One of the things readers love about my Whitsborough Bay series is that, while the setting is fictional, it is inspired by real places. The biggest inspiration comes from Scarborough but there are elements of Whitby, Robin Hood’s Bay and a couple of other local coastal towns and villages. Readers who are familiar with the area like to guess which pubs, cafes and landmarks they think I’m referring to.
When I started writing the Hedgehog Hollow series, my intention was to to do the same thing: to create villages in the books that were inspired by specific villages on the Yorkshire Wolds. But Covid hit and we couldn’t go out and about so I couldn’t do that and I didn’t know the area well enough myself. I only live a few miles away from the northern tip of The Wolds and I have travelled through the area oodles of times but I’ve never veered from the main roads to thoroughly explore the villages. I do, however, have a really good understanding of the beauty of the countryside.
What’s been interesting is that, although I haven’t used specific villages as inspiration, some readers who live in the area think they recognise certain villages on The Wolds. I love that because it means that I have properly captured the essence of Wolds villages in my writing.
Yesterday afternoon, hubby and I planned to go exploring for the afternoon but our plans were slightly thwarted. He had a last-minute opportunity to go for his 2nd Covid jab so we set off much later than intended, but then our daughter called us from her after school photography club to say the teacher had an appointment so it was finishing half an hour earlier so we had to cut our trip short at the other end.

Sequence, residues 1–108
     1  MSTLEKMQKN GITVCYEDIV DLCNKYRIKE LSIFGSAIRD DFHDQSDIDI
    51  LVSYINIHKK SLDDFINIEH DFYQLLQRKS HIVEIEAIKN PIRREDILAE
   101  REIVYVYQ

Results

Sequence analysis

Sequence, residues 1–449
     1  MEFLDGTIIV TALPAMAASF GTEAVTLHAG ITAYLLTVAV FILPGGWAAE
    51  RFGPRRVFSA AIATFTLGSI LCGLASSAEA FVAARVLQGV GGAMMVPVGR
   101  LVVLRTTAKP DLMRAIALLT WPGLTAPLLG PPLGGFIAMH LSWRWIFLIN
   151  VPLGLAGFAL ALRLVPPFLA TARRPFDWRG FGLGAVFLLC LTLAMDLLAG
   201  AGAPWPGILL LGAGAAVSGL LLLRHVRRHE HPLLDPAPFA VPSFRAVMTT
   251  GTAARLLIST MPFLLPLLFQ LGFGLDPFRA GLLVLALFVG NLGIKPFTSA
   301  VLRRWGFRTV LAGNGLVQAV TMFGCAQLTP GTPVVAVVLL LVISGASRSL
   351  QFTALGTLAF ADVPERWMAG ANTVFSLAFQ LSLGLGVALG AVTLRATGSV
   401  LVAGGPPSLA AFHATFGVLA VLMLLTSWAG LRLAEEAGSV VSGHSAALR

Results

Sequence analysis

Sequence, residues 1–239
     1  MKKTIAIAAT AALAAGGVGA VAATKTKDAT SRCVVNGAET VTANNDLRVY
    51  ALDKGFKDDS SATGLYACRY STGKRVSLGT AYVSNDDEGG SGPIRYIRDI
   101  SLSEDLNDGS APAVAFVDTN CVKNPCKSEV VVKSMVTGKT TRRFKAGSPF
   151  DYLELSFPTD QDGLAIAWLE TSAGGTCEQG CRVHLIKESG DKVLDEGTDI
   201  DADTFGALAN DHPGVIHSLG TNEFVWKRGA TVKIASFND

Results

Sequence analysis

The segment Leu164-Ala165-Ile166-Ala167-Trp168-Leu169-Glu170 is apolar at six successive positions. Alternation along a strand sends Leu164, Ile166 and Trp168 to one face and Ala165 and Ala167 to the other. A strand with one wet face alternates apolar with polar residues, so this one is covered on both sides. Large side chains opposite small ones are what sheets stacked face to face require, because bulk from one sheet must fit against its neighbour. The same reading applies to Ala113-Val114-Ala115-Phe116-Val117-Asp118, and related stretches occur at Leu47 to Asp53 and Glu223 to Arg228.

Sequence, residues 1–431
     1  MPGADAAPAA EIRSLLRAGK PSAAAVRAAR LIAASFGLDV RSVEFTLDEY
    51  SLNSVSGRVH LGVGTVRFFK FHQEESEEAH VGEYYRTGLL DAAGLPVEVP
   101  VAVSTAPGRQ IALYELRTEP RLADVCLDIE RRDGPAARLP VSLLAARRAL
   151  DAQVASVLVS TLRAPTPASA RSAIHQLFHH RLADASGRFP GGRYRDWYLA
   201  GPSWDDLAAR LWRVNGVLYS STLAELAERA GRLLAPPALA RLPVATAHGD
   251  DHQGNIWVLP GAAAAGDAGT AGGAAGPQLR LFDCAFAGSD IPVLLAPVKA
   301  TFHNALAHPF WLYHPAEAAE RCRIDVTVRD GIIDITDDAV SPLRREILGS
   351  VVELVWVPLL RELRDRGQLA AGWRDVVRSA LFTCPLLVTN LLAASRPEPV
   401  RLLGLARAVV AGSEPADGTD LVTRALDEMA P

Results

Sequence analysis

We managed a stop in the middle of the countryside although the photos really don’t do justice to the stunning rolling hills and fields surrounding us – the real Hedgehog Hollow countryside.
We explored a village called Wold Newton with a pretty church and a village green with a pond. Check out that blue sky! I had flip flops on so some careful navigation was needed round the pond as there was goose poo everywhere!
How fabulous is this bus shelter? It was full of books, DVDs and games. I wondered if it had started during the pandemic to keep people entertained or whether it has been a community scheme running much longer than that.
I checked the shelves but couldn’t see any Jessica Redland’s loitering! I loved this book with what we call a Steven lighthouse on it. When New Beginnings at Seaside Blooms was first issued, it was called Searching for Steven and, as the book features a red and white striped lighthouse, we have since referred to striped ones as Steven lighthouses.
We also walked around a smaller village called Thwing but I forgot to take any photos.
Our next stop was driving through Butterwick, Weaverthorpe and Helperthorpe intending to park at the furthest and explore, but that’s when we got the call to go to school early so no more photo opps. My husband’s dad was born and brought up in Helperthorpe so I definitely wanted a good look around.
I will share more photos when we return and I continue on my mission to find some villages that are how I would imagine Huggleswick, Umplesthorpe, Fimberley, Little Tilbury and Great Tilbury.